“For art comes to you proposing frankly to give nothing,” wrote the 19th-century critic Walter Pater, “but the highest quality to your moments as they pass, and simply for those moments’ sake.” Credited as a major influence of Oscar Wilde, and heralded as the prominent figure of aestheticism, the so-called “art for art’s sake” movement, Pater was a controversial figure in his own time—lambasted for his alleged hedonism—and his writings would seem to have little in common with those of Claudia Rankine, the Jamaican-born author known for her projects on contemporary America. A professor at Pomona College and a frequent collaborator with her filmmaker husband, John Lucas, Rankine frequently blends images and poetry and essayistic meditations, and her fifth book, Citizen, is no different. Here, she brings together historic quotes, one from Zora Neale Hurston (“I feel most colored when I am thrown against a sharp white background”), with paintings, video stills, and other visuals from the past and present: J.M.W. Turner’s The Slave Ship, Henry Youngman’s ART THOUGHTZ, David Hammon’s In the Hood. Broadly speaking, the result is an apt piece of hybrid art, a record of the current state of race in the United States.
More than anything, though, her new collection is a powerful continuation and culmination, both of her body of work and what The New Yorker’s Dan Chiasson has called “the lyric’s natural territory” of the “personal” and political. Citizen has the same subtitle, “An American Lyric,” as her previous volume, Don’t Let Me Be Lonely, and while the shared line invites comparison to one another, and to the previous poetic conceptions of selfhood, as in Walt Whitman’s “Song of Myself,” Rankine’s success rests less in her subversion of a tradition and more in her ability to record “moments as they pass.”
Courtesy of the Sony hack, the messages revealed in Amy Pascal’s email exchange with producer Scott Rudin—her wondering, for instance, if she should ask President Obama’s opinion on Django Unchained—is reflective of these passing moments, of what Rankine has fittingly labeled “invisible racism.” Usually referred to as a “microaggression,” Pascal’s lapse could be included among the opening pages of Citizen. It could fall, that is, among the racist experiences Rankine culls from her life and retells in the second-person: a man in Starbucks casually refers to a group of loud teenagers as “niggers”; a colleague bemoans “the dean…making him hire a person of color when there are so many great writers out there”; a neighbor calls the police on a black babysitter, believing the man to be a criminal as he talks on the phone in the front yard. There are many other examples, and the “you” seems, whatever else, to elongate these episodes, to suspend them in space. The “you” is universal not only in personhood (in the idea this can happen to anyone who inhabits a “black body,” or the idea that these things occur to everyone who inhabits a “black body”), but in time.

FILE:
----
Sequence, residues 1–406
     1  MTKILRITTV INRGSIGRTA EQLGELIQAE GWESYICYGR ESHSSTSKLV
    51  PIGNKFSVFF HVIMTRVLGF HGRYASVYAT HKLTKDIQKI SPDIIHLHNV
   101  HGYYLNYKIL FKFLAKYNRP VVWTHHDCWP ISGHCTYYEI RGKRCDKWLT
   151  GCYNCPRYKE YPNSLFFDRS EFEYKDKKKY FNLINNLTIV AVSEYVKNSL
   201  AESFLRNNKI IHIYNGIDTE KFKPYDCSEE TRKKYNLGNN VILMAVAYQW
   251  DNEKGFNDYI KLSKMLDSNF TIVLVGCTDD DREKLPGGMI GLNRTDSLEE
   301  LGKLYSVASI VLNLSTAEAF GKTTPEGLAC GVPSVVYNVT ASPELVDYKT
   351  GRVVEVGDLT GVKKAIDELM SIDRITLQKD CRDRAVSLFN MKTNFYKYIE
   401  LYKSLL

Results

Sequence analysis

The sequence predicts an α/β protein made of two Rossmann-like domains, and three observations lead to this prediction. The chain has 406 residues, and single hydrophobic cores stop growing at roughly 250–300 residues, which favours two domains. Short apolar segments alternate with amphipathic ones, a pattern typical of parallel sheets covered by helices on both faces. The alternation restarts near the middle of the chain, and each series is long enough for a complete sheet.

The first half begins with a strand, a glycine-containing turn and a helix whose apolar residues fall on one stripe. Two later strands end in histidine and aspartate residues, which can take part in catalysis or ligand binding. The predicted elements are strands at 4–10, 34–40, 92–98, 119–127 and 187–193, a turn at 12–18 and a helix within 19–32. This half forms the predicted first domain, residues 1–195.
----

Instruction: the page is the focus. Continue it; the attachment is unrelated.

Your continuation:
These events seem to be forever unfolding, and in Citizen, Rankine explores their ongoing nature: “Each moment,” she writes, “before it can be known, categorized as similar to another thing and dismissed, it has to be experienced, it has be seen.” And that’s what she does. During PBS NewsHour, Rankine further clarifies her artistic goal as keeping these stories—whether it be a microaggression, or the shooting of an unarmed black man—as “present” as possible. Her motivation, in a sense, is to not let these moments pass, and she is never overwhelming in her criticism, nor bludgeoning or didactic in her tone. The book’s skillful movement from the microaggressions she witnesses to the deconstructions of Serena Williams in the media to her final ruminations on the deaths of Trayvon Martin, Mark Duggan, and James Craig Anderson don’t so much equate the inherent levels of racism than offer insight into how such horrible acts of violence happen in the first place.
Citizen is tight and slim, musical and beautiful. It can be completed in a single sitting, but the likelihood of finishing so quickly only enhances the resonance: The text itself becomes a moment that can pass. Contained to single glossy pages, these individual “moments” Rankine remembers go by in such a flash that they can seem inconsequential. But, of course, they’re not. Rankine implies that the slip of the tongue, as human and accidental as it might be, shows something buried deep within our culture: Magnified to the extreme, these off-cuff jokes, like Daniel Handler’s comment at the National Book Awards, become anxious cops with guns.
Claudia Rankine’s Citizen is now available from Graywolf Press; to purchase it, click here.